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Wednesday
Mar212012

Minimalist Birthday Parties

violet-decor.JPGFor Laurel's first few birthday parties, I assembled fun yet somewhat insane birthday parties -- inviting tons of people, making tons of food, and admittedly not being particularly mindful of the fact that Laurel is overwhelmed by large crowds and that I was putting a lot of unnecessary work on myself. I eventually smartened up, opting for smaller and simpler gatherings. And whether it's a function of my minimalist parenting mindset (as it turns out, birthdays offer an excellent opportunity to work on "do less" practices), the second child phenomenon, or the fact that I'm experiencing discord with one of my siblings, for Violet's birthday, I truly was happy with the idea of celebrating with just our immediate family of four.

However, Laurel and my Mom were not on board with this idea. My siblings and I don't have much opportunity to get together these days + the first birthday is very special in Korean culture. We had already bucked tradition by not doing a 100 Days party (save having my mother over for dinner) so after discussion with Jon, we decided to accommodate, but I also tasked myself to do less. Sibling discord aside, the party and my do less practices worked out great so I wanted to share my tips for hosting minimalist birthdays.

1. Ask yourself why. And be resolved with the answer. One question I now always ask myself before committing to something is why. Had I done this for Laurel's first few birthdays, the answer probably would have been less about her and more about our desire to see friends and my enjoyment of flexing my culinary muscles. Meaning, not really with the person of honor in mind. Here, I initially wasn't wild about doing a larger party (I have six siblings so even just my siblings + partners + my Mom + us = large gathering) but after considering that the why was a mix of having Violet become more familiar with my immediate family and celebrating her milestone in the context of our heritage, I felt resolved with the decision.

2. Set a time frame that works for you. I made a point of structuring the party like any other kids party -- with a firm start and end and not over a mealtime (so, the 2-4pm window). I love cooking but when I cook for a party, I know that I overcompensate and exhaust myself and I'm still working on reversing this trend. I did not want to set myself up for this on a Sunday leading into a busy week. However, if a mealtime window is preferable to you and you can keep it simple and not exhaust yourself, by all means go for it!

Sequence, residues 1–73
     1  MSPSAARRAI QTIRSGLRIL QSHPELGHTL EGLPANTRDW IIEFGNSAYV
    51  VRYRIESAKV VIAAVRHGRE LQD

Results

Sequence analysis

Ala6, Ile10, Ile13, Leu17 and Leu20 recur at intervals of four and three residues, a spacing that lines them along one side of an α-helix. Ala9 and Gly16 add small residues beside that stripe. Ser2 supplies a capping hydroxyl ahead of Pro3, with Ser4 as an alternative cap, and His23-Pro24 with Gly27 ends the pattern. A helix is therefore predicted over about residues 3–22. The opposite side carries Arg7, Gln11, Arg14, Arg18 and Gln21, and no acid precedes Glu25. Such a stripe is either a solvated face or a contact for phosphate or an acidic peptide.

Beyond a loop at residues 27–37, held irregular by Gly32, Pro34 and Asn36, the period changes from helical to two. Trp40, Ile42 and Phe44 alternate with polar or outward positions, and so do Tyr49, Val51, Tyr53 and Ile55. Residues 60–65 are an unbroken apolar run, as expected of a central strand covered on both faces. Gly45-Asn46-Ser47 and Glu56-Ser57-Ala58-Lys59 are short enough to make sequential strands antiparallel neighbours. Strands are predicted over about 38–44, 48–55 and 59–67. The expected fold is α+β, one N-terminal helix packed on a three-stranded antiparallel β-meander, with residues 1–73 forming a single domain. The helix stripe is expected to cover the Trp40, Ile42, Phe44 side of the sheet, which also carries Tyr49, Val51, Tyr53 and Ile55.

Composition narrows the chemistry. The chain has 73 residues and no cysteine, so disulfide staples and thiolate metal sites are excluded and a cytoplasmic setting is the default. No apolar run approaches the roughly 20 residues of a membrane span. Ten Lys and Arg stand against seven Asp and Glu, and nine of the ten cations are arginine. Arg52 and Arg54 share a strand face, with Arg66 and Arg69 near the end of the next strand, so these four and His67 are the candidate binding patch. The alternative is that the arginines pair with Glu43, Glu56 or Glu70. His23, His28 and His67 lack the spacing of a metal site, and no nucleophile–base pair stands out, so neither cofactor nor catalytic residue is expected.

3. Be explicit about simplicity. When I invited my family, I was explicit about the short time frame and the fact that it would be cake, fruit, and beverages (though my Mom did end up bringing several dishes...perhaps, as a hostess extraordinaire she was horrified by my limited offerings). When some of my siblings asked about presents, I told them there was no need to bring any.

4. If you like decorations, make it easy on yourself. I had a funny moment where I was thinking about decorations and thought about a balloon banner. And then I remembered that I am physically incapable of blowing up balloons (the pressure makes my ears burn) and I didn't want to have to ask Jon for help. Plus, it would probably take a while to make it. I subsequently was thrilled to find these inexpensive and festive purple tissue balls (which Laurel easily was able to pop open and set up) and ordered purple plates, napkins, and a tablecloth. Décor: done in 10 minutes = awesome. Also, it's amazing how simply hinging together a few simple decorations via color makes everything look incredibly festive (several people commented on it).

5. Prioritize tasks. In order of fun factor. And be OK with letting stuff go. Laurel, like me, has a tendency to make elaborate plans. A couple of days before Violet's party she actually used the phrase "I'm getting stressed about all of the things to do!" At which point, I suggested we sit down and list the things we both wanted to do and number them in order of most to least fun. And to not worry about letting things go. It was a really fun exercise and we both realized that baking (me: cake, her: cookies) was top on the list. We did in fact let several items on the list go (such as buying violets for everyone to take home...instead we were able to send everyone home with extra cake and cookies...perfect!) and it felt fantastic. (By the way, this ombre violet cake looks elaborate, but it was actually not difficult to make.)